Title: Thermosensitive heparin-Pluronic® copolymer as effective dual anticancer drugs delivery system for combination cancer therapy

Authors: Nhat-Anh N. Tong; Ngoc Quyen Tran; Xuan Thi Diem Trinh Nguyen; Van Du Cao; Thi Phuong Nguyen; Cuu Khoa Nguyen

Addresses: Institute of Research and Development, Duy Tan University, No. 182 Nguyen Van Linh st., Da Nang, Vietnam; Institute of Applied Materials Science, Vietnam Academy Science and Technology, No. 01 Mac Dinh Chi St., Ho Chi Minh, Vietnam ' Institute of Research and Development, Duy Tan University, No. 182 Nguyen Van Linh st., Da Nang, Vietnam; Institute of Applied Materials Science, Vietnam Academy Science and Technology, No. 01 Mac Dinh Chi St., Ho Chi Minh, Vietnam ' School of Applied Chemistry, Tra Vinh University, No. 126 Nguyen Thien Thanh, Ward 5, Tra Vinh Province, Vietnam ' Faculty of Pharmacy, Lac Hong University, No. 10 Huynh Van Nghest., Dong nai Province, Vietnam ' Institute of Applied Materials Science, Vietnam Academy Science and Technology, No. 01 Mac Dinh Chi St., Ho Chi Minh, Vietnam ' Institute of Applied Materials Science, Vietnam Academy Science and Technology, No. 01 Mac Dinh Chi St., Ho Chi Minh, Vietnam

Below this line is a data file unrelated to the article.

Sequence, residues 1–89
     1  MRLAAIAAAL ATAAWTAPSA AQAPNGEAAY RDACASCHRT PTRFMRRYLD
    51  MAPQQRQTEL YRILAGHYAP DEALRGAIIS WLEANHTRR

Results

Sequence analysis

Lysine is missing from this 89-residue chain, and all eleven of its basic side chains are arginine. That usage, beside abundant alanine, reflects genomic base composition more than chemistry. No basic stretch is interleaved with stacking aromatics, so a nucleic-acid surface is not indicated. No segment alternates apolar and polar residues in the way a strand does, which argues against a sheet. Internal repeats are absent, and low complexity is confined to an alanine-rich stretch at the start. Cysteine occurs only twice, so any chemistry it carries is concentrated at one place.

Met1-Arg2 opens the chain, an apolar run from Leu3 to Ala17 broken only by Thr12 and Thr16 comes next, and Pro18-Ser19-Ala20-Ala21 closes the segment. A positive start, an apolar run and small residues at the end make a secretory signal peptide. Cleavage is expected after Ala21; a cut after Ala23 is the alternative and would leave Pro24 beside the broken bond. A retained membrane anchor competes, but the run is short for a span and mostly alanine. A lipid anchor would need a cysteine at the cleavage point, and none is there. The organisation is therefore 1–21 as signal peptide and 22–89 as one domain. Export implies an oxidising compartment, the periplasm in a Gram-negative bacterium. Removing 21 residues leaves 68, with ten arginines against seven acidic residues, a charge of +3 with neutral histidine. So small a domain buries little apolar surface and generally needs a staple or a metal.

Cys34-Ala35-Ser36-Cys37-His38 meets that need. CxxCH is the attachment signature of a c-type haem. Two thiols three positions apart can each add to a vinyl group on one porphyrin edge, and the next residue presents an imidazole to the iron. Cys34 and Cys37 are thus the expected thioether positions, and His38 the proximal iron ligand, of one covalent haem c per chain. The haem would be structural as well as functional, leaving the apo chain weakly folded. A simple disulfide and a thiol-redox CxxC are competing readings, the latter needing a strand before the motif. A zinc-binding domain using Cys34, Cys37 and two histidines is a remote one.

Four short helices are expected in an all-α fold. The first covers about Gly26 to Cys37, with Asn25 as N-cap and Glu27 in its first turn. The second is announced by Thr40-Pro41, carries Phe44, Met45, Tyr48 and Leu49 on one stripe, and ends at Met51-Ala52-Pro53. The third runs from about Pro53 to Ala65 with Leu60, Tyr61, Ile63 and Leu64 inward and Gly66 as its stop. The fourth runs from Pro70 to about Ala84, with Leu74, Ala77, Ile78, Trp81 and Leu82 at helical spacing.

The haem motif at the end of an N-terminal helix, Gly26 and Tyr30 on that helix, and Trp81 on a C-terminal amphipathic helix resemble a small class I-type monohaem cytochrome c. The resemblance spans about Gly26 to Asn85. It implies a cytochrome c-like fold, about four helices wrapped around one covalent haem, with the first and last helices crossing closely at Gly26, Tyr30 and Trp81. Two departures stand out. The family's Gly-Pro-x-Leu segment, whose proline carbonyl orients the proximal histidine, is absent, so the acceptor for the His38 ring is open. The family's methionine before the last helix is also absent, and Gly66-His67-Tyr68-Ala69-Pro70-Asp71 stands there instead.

Abstract: In recent years, cancer therapy regimens combining dual drugs have proved their effectiveness in comparison with single drug. To increase efficacy of these anticancer drugs, an emerging approach involving the development of nanocarriers for dual anticancer drugs delivery has recently received much attention. In the study, thermosensitive Pluronic®-conjugated heparin was prepared to encapsulate and control the delivery of aquated cisplatin (CDDP) and 5-fluorouracil (5-FU) chemotherapeutic agents. The drug delivery system was determined to be in the size range of 80-100 nm by TEM and 260 nm by DLS. Formation of the complex was confirmed by 1H-NMR and FT-IR. The nanocomplexes exhibited high drug loading capacity (approximately 9.01% wt/wt of CDDP and 88.24% wt/wt of 5-FU). In vitro, drug-loaded nanogels showed slow and sustained release of the drugs over a long period of time at physiological pH and body temperature. Moreover, the cytotoxicity assay results also indicated that Hep-F127 was cytocompatible. Meanwhile, CDDP-5FU-Hep-F127 nanocomplexes show a significantly inhibited NCI-H460 lung cancer cell growth with the IC50 1.23 ± 0.07 µg/mL. The in vitro preliminary results indicate that the Hep-F127 nanocomplex is a candidate for suitable CDDP and 5-FU delivery which can be studied further in cancer therapy.

Keywords: thermosensitive nanogels; combination cancer therapy; delivery of dual anticancer drugs; cisplatin (CDDP); 5-fluorouracil (5-FU).

DOI: 10.1504/IJNT.2018.089566

International Journal of Nanotechnology, 2018 Vol.15 No.1/2/3, pp.174 - 187

Available online: 23 Jan 2018 *

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